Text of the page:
That kind of worldview cannot persist. Mankind reaching maturity is not compatible with plurality of non-metaphysical religions. Metaphysical religions are simply a part of culture, they are something we live. The metaphysical aspects of non-metaphysical religions are likewise a part of culture and they should persevere. Mankind is stronger for having them. Gene Roddenberry could not separate the metaphysical aspects of religion from the factual aspects; maybe he did not believe such a thing was possible.

But so long as I think that Jerusalem is a bit of scrub brush with an old city on top while Jews see the Temple Mount and West Wall, Christians see the Church of the Holy Sepulchre, and Muslims see the Dome of the Rock and al-Aqsa we’re not going to agree about how that land should be used or who should be using it. Further we’ll feel compelled by the religious beliefs we accept on faith – not fact – to see that the land is used in accordance with our theology.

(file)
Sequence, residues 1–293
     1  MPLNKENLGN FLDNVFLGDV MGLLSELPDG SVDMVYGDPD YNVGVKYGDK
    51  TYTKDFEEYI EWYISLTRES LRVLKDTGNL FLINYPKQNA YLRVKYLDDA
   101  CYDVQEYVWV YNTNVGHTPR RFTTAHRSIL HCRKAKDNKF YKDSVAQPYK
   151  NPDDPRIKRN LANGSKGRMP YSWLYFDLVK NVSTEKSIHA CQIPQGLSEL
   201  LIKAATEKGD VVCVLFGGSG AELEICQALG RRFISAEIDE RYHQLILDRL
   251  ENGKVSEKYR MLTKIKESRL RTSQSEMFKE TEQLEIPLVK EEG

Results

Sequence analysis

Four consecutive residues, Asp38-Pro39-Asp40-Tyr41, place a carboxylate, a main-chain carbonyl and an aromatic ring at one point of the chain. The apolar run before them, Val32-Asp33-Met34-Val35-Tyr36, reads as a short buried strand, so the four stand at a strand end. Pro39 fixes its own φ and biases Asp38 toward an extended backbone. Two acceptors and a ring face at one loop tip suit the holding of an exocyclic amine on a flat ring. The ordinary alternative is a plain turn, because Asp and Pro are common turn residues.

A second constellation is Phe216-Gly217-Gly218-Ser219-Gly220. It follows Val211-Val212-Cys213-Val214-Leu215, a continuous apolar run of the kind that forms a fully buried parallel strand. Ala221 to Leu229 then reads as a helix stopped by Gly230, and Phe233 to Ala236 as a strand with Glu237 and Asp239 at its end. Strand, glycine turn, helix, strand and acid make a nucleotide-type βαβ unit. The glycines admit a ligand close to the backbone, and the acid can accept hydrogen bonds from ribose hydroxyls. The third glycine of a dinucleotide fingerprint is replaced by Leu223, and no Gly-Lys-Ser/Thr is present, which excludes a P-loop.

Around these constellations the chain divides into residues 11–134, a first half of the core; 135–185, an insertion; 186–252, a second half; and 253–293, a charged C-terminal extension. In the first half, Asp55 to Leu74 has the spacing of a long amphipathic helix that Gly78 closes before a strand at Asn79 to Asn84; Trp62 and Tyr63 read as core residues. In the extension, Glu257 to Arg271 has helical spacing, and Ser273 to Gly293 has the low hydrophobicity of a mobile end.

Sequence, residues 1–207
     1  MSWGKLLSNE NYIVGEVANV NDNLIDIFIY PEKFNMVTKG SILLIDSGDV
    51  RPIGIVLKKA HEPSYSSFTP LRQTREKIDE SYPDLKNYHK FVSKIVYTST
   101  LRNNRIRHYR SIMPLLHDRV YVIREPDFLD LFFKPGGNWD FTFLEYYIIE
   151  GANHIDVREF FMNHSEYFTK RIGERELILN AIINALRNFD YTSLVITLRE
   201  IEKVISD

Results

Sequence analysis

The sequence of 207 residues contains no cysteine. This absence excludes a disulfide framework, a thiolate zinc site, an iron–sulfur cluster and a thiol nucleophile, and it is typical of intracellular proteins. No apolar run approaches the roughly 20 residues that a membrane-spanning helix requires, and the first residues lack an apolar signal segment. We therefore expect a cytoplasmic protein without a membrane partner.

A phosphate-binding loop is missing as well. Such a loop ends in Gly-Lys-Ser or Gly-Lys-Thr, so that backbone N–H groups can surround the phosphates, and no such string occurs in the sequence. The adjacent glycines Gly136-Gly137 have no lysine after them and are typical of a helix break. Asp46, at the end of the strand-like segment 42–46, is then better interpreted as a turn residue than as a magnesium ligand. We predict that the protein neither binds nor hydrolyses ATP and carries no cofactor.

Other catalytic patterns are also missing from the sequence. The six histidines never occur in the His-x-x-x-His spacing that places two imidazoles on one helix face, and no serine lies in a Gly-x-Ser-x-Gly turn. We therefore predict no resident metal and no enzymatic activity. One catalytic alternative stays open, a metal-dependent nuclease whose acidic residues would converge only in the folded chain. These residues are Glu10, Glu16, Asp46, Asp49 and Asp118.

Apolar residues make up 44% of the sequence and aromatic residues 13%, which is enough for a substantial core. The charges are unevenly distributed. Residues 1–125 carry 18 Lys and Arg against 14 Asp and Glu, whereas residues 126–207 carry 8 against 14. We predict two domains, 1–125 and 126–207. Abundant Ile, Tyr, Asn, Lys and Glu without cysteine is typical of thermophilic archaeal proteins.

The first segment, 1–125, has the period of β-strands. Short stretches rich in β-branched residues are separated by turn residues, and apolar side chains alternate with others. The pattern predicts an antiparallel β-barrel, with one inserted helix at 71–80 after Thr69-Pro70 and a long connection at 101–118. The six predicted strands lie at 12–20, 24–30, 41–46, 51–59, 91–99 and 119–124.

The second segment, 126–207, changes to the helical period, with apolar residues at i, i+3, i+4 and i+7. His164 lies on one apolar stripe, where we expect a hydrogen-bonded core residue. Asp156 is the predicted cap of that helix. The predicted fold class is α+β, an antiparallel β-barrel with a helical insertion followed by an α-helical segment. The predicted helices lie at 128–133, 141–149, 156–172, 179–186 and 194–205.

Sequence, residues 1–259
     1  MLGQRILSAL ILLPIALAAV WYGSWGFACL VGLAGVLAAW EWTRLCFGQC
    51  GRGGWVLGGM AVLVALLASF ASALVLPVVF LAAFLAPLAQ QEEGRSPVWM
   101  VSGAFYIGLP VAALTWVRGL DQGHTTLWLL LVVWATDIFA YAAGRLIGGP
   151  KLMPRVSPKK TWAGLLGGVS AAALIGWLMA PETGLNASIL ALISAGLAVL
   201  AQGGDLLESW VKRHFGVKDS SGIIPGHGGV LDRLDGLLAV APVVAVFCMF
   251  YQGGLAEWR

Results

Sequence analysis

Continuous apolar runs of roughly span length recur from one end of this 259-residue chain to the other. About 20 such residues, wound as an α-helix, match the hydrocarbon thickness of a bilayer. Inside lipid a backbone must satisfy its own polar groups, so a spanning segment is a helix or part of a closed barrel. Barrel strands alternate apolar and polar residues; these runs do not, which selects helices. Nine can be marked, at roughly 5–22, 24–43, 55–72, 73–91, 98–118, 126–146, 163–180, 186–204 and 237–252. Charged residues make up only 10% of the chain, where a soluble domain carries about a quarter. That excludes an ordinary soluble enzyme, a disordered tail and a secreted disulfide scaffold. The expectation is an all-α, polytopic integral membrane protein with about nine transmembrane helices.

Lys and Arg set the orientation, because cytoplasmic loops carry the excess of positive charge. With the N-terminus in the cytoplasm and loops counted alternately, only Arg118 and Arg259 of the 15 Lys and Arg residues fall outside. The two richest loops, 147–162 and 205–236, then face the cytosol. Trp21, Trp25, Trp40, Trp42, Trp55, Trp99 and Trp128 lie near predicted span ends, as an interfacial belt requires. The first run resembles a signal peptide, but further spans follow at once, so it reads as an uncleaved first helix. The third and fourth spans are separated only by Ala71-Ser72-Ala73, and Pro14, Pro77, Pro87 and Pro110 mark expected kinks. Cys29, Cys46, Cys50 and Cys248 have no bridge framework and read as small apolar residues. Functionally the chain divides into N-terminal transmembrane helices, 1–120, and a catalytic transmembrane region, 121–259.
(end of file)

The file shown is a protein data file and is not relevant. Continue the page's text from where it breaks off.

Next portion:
No Idols except me – that got it right in a very fundamental way. If each of those three religions saw Jerusalem the way I do – as an old city in Asia – then think how many fewer people we would have killed.

Creationists are convinced of the literal truth of every word in the bible. They think when you start saying that the Earth took longer than 6 days to be created, that the Universe is 14 billion years old, and than man exists because of evolution and never lived in a Garden with God that you compromise the authority of the Bible and this is a slippery slope to Atheism.